Tuesday, June 3, 2014

#artspiration 2: Vincent van Gogh

The next artist in this weekly art inspiration roundup is no less than a well known one: Vincent van Gogh. He was a post-Impressionist painter of Dutch origin, whose work had a big influence on 20th century art.

Colors & form: He is known for using complimentary, contrasting colors which he used to intensify certain aspects in his work. He is also well known for a unique brushstroke: one that was rapid with thickly painted strokes laid closely together.

When did I first notice his work: When I was 15, my family and I went to New York for a one week holiday. We went to the opera, the cinema and various museums. In Museum of Modern Art I saw the first "real" van Gogh painting, which I will never forget: It is called "The starry night". It depicts the view outside of his sanatorium room window. I was literally standing there for fifteen minutes just staring at the picture. It is electric and fascinating, I absolutely adore it! It is also among his best known paintings and marks an important turn towards greater imaginative freedom in his art.

The Starry Night (MOMA, New York)

The Red Vineyard
The Sower
Road With Cypress And Star


The Café Terrace on the Place du Forum, Arles, at Night

He wrote about The Night Café: "I have tried to express the idea that the café is a place where on can ruin oneself, go mad, or commit a crime."

"If you hear a voice within you say "you cannot paint", then by all means paint, and that voice will be silenced."

"I keep on making what I can't do yet in order to learn to be able to do it."


The Night Café
White House At Night
He had only sold one painting during his brief career.
He created many self-portraits during his lifetime. He painted himself 37 times between 1886 and 1869.
Van Gogh alternated between fits of madness and lucidity in his late stages and was sent to an asylum for treatment. He cut his ear off in one of his fits (a replica of his ear is currently shown in a German musem)

He shot himself at the age of 37.

Why do I like his art:
I like the way he puts emphasis on the color combinations like "there is no blue without a yellow and orange" and emphasizes the beauty of life. His brush stroke is, simply put, genius to me. It's sad and a real tragedy that he couldn't get any recognition for his work during his lifetime. Maybe if he had, he would have had more time to paint...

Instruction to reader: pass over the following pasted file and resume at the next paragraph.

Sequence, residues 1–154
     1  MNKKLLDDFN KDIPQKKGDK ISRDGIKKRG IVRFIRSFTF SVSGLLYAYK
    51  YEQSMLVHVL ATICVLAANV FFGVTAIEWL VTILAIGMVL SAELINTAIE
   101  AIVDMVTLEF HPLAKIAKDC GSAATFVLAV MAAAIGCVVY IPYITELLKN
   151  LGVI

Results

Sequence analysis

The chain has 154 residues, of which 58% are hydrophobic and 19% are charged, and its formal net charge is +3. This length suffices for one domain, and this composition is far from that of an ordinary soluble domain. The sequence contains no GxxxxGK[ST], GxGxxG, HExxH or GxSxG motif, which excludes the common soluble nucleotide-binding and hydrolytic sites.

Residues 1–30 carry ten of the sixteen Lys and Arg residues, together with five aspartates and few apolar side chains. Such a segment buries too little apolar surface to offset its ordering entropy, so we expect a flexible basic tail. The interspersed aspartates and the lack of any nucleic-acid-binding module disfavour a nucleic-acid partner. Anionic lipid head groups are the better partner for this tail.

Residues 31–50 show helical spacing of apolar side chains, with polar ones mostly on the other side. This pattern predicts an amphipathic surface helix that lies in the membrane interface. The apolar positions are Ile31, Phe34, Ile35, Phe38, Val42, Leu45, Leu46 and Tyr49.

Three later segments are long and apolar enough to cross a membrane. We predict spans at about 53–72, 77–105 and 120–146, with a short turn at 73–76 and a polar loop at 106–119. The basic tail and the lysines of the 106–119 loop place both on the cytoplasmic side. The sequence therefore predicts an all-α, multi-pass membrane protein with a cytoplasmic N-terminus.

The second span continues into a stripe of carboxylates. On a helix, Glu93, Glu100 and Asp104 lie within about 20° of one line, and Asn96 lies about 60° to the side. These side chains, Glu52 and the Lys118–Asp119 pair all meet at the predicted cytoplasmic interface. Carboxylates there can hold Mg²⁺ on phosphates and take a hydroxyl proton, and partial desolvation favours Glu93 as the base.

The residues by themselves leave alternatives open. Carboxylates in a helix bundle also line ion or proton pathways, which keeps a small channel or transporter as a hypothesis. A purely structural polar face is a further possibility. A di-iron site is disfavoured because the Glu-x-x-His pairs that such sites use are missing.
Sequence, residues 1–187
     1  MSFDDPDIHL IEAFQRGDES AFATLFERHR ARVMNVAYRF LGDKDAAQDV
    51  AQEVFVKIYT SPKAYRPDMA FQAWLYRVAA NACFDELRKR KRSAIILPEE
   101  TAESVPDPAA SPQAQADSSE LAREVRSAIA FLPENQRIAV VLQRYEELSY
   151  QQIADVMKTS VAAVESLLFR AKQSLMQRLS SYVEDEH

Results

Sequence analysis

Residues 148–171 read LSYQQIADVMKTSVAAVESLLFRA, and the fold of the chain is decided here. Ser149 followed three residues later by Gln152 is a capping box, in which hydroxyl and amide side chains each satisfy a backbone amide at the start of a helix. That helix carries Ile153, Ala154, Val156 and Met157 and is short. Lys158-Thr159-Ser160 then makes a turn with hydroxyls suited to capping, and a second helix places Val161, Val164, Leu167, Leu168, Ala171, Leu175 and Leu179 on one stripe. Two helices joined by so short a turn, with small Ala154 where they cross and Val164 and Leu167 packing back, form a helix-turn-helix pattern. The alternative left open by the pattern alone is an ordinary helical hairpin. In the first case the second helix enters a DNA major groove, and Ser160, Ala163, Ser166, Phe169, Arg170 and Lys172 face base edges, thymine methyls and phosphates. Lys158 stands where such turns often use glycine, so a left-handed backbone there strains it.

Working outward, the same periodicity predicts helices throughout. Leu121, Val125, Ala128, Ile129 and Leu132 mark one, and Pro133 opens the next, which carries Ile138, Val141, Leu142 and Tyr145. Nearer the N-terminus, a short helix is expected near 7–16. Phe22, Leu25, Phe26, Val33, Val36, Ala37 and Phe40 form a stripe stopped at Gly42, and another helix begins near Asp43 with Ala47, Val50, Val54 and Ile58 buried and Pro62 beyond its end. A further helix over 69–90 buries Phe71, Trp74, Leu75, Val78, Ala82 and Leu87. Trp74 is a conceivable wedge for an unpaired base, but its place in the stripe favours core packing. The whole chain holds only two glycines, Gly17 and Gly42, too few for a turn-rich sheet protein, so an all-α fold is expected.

>> Have you ever seen a Van Gogh painting or exhibition? Do you have any favorite paintings or memories connected to him? 


  1. Van Gogh is my favorite! I just love his rich colors and use of texture in his work. When i visited France, I remember staring out into the countryside, amazed that he got the golds and greens just right in his paintings. I've been lucky enough to see his work at a couple of museums, and end up staring for so long at them-they're just so beautiful. lovely post!

    Little Blue Backpack

    1. Yes! Have you been to the museum on Provence? It's exactly like you said it: he painted it SO close to reality, we might have to invent a new word for his painting style ;)

  2. I love his colours as well, I agree with the no orange without blue etc. Such gorgeous work I'm off to NY soon i need to remember to visit Moma again! XX

    1. So true :) Wish you a wonderful stay in NYC, it's one of the best cities for museum hopping, aaaah jealous! ;)

  3. Last year i saw an exhibition which compared some of his work with Japanese ukiyo-e and i think some of his painting in there were truly beautiful, even though i saw others before in Amsterdam :) and it gave another view upon his work too (was that correct english?)

    1. wow, that sounds like a very interesting exhibition! I really like it when museums do "comparisons" of different artists! :)
      That was perfect English Emma, thanks for commenting! Merci beaucoup!


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